Anyway, Kellen had $2.00 to spend and Brayden had $2.51. (I have no idea where she got the fifty-one cents!) All the way there they were arguing over who would get more money back from the cashier, to put back in their allowance drawers. I refrained from explaining to them that unless they were each buying Kendrie a pack of Juicyfruit gum, there probably wouldn’t be any change, and I might even have to chip in. In fact, the gifts FROM Brayden and Kellen, TO Kendrie, wound up costing mom $25.42. Whatever. Maybe after we’ve been doing the allowance-thing a little longer they’ll be able to pony up for a bigger share of the gifts. That’s the theory, anyway.

Then the whole family headed to Logans, where we proceeded to dump a small mountain of peanut shells on the floor, as required, and Kendrie told anyone who walked within a 20-foot radius of our table, wait staff and fellow patrons alike, that we were celebrating her birthday. Then, the instant the waiters came over to sing Happy Birthday to her, she freaked out, clinging to me, crying, and attempting to become the first child in history to actually become ONE, physically, with her mother by latching on to my neck. What a drama queen.

Then it was home for presents ………….. and I have to tell Briana R. how much she enjoyed your package --- thank you so much for thinking of her! I’m not even sure how you knew it was her birthday???? What’s funny, is how she is such a tomboy, and doesn’t like to play with Barbies or dolls or anything, and the first thing she did with your package was insist that I paint her fingernails. Believe me when I say that has NEVER happened before!

And the last birthday tradition is that the birthday boy or girl gets to help make their own birthday cake. (yeah, yeah, I know, cheap labor!) So here are some photos of Kendrie getting her groove on in the kitchen.

"OK, boys and girls, the key here is to insist on working the hand mixer all by yourself, then just to make your mom crazy, wave it around a few times, splattering cake batter all over the kitchen."

"Now, declare it is your sovereign right as the birthday girl to lick the cake batter out of the bowl with a big spoon all by yourself. Give the cast-off, measly beaters to your brother and sister."

"Oh, the heck with it. Just dive on in. But make sure you wipe the cake batter off the top of your head afterwards!"

Tomorrow, her actual birthday, I am taking snacks to her pre-kindergarten class. Although I have tried to prepare thoroughly by buying chocolate chip, peanut butter, AND sugar cookies, I have no doubt that Kendrie will have the only 4-yr old wheat-allergic, sugar-avoiding vegan in the entire school in her class who will hate what I brought. That’s ok, more cookies for me.

If you would take a minute to leave Kendrie a note, wishing her a happy birthday in the guestbook, I would really appreciate it. Naturally, I’m saving the guestbook for her to have as a keepsake. Although we’ve been in treatment almost eleven months, this is the first birthday since diagnosis. God willing, there will only be one more birthday while on treatment. And I hope when her seventh birthday rolls around, leukemia and chemotherapy are but a blip in our rear-view mirrors.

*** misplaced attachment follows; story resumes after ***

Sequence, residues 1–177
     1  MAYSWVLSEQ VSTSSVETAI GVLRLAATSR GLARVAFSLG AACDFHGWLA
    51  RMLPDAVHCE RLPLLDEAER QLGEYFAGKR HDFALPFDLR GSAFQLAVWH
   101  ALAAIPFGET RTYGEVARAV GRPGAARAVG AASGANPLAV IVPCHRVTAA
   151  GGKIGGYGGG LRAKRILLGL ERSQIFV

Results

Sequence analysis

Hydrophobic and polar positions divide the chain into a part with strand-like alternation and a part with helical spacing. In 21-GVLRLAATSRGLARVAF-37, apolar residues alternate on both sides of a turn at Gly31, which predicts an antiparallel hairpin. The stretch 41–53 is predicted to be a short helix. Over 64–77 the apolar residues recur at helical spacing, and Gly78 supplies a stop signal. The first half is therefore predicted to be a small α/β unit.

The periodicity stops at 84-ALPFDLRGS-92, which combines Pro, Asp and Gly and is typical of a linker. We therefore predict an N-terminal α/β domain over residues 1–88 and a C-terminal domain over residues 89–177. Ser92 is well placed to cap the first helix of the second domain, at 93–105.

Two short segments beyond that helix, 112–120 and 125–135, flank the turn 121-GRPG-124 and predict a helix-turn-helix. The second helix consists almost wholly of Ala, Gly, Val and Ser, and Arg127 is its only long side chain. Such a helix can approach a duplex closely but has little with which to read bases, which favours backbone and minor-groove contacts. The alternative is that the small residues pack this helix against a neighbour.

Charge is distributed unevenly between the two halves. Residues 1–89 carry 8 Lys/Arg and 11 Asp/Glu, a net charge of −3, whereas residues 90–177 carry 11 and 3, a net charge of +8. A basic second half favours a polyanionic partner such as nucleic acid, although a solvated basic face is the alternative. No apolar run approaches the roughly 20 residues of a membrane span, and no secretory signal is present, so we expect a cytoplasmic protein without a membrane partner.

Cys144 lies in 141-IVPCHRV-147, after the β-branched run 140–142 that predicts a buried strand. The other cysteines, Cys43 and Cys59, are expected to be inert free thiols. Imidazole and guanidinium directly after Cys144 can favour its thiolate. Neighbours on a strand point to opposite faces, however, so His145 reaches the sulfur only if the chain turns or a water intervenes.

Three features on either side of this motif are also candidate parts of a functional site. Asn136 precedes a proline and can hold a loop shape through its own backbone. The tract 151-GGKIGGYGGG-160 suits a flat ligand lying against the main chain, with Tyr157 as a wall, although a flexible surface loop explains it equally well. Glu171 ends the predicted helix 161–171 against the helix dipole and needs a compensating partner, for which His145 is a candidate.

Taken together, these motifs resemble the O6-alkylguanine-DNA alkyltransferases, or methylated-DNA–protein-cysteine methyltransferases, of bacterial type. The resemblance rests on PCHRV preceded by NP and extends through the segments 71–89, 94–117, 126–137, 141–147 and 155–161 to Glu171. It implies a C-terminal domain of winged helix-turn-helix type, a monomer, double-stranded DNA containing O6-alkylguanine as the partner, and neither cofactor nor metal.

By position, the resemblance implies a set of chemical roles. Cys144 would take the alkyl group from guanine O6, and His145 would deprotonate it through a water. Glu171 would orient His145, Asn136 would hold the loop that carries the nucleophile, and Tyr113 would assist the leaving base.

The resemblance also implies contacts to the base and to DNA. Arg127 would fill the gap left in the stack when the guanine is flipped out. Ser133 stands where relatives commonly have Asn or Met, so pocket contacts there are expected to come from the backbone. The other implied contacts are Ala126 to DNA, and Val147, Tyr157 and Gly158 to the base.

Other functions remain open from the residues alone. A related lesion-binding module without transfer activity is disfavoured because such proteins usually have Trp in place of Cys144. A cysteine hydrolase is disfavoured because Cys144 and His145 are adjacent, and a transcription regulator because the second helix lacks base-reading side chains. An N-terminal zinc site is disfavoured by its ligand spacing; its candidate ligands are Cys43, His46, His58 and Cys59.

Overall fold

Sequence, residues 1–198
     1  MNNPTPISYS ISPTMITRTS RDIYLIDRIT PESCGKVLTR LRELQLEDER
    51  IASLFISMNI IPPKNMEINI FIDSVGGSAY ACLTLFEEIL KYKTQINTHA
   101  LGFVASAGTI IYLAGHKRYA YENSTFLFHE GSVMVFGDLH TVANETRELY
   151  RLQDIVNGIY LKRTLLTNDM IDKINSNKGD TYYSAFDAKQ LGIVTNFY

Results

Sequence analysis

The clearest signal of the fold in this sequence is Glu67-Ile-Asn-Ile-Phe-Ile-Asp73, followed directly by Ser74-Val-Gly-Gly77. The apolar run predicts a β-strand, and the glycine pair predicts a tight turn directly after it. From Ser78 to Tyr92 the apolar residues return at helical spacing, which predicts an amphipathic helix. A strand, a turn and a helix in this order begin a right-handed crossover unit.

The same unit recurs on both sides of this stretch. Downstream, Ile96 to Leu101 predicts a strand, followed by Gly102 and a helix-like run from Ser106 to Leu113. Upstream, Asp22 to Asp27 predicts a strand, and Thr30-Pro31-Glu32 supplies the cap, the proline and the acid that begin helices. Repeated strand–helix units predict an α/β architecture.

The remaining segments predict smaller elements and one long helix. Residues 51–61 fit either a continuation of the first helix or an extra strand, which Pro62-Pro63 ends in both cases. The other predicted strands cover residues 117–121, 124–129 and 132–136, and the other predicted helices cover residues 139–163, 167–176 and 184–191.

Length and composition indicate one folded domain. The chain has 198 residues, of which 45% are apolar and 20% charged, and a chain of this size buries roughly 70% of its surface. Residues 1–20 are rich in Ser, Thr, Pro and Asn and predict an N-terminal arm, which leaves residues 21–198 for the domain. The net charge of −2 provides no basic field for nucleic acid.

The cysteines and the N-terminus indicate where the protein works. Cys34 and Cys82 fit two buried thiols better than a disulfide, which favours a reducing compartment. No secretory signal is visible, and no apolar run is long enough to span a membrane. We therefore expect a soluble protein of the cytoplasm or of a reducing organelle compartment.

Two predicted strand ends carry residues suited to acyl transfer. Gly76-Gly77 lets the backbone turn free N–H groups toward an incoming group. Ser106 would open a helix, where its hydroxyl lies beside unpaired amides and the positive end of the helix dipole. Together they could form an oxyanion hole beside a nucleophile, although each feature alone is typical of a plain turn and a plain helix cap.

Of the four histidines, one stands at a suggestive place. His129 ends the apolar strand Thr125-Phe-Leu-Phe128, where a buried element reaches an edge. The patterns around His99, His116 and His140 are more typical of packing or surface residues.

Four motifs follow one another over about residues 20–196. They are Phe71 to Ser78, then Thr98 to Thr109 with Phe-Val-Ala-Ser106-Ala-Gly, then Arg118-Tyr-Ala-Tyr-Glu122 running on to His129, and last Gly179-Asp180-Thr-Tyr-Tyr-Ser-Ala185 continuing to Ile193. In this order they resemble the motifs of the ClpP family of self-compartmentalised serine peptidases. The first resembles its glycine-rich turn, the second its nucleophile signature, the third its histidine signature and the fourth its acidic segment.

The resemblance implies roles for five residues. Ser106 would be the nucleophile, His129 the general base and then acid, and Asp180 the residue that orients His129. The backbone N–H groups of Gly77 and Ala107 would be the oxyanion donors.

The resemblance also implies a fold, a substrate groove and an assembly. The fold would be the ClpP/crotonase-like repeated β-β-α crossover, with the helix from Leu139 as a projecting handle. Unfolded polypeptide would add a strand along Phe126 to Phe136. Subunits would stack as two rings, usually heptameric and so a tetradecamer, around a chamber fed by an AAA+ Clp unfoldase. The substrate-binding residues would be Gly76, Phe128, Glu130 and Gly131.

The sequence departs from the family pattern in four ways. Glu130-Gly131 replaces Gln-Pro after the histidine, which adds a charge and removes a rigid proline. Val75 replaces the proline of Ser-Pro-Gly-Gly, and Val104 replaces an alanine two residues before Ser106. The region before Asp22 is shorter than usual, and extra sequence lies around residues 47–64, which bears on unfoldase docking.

I know birthdays are always a little bittersweet for moms, and especially the birthdays of your youngest. But I found myself hugging her extra tight this evening and appreciating this birthday more than I appreciated last years. She is in remission. She is beating cancer. I’m hoping for her to have about 100 more birthdays and just think, for at least 50 of them I don’t have to share her with a big gray rodent.

On a side note, sincere HUGE thanks to those of you who have gone in and made online donations through our Light the Night Team Kendrie and Madie website. I will be leaving the link up through September so if anyone else would like to sponsor us, it’s easy to do. And we appreciate it sincerely. If I’d given it much thought, knowing what amazing, kind-hearted, supportive friends that we have, I should have set our initial goal much higher! I’ll save the final total for the day of the walk, but want you to all know that each dollar counts and we thank you for each and every single one!

Wish Blaine luck this weekend, as he handles all the Mr. Mom duties for four days while I go scrapbook in a cabin in the Georgia mountains with nine other girlfriends. I plan on putting myself into a sugar and carbohydrate-induced coma, while he has to worry about entertaining three kids, most likely house-bound due to Hurricane Caroline (or Bonnie, or Rumplestiltskin, or whatever this one is called that’s supposed to dump ten inches of rain, even all the way up here!) I’m actually worried about our friends at the Lighthouse Retreat in Florida this week …. Sending up many positive thoughts that the weather doesn’t cause them any problems.

I’m also hoping the rain is not as severe as predicted because we are scheduled to attend the Atlanta Braves game on Monday with our friends the Connors. Brandon's mom Kristin was instrumental in getting Major League Baseball to donate one million game tickets; donation proceeds to benefit CureSearch National Childhood Cancer Foundation. It’s a remarkable initiative, many thanks to major league player Tom Glavine and his wife Chris, also. Check out available tickets in your city --- help support pediatric cancer research and enjoy a hot dog and a ball game, all at the same time! It sounds like a great way for us to spend Labor Day and I hope it’s not rained out. I also hope you all enjoy your holiday weekend, as well.

Love, Kristie

WORST PART ABOUT HAVING CANCER TODAY: When that boy came to my table at the restaurant and tried to get me to stand up in my chair! What was he thinking???? I realize that has nothing to do with cancer, but I still didn’t like it!

BEST PART ABOUT HAVING CANCER TODAY: Tomorrow is my birthday!!! Wait, that doesn’t really have anything to do with cancer, either. It’s just darn exciting!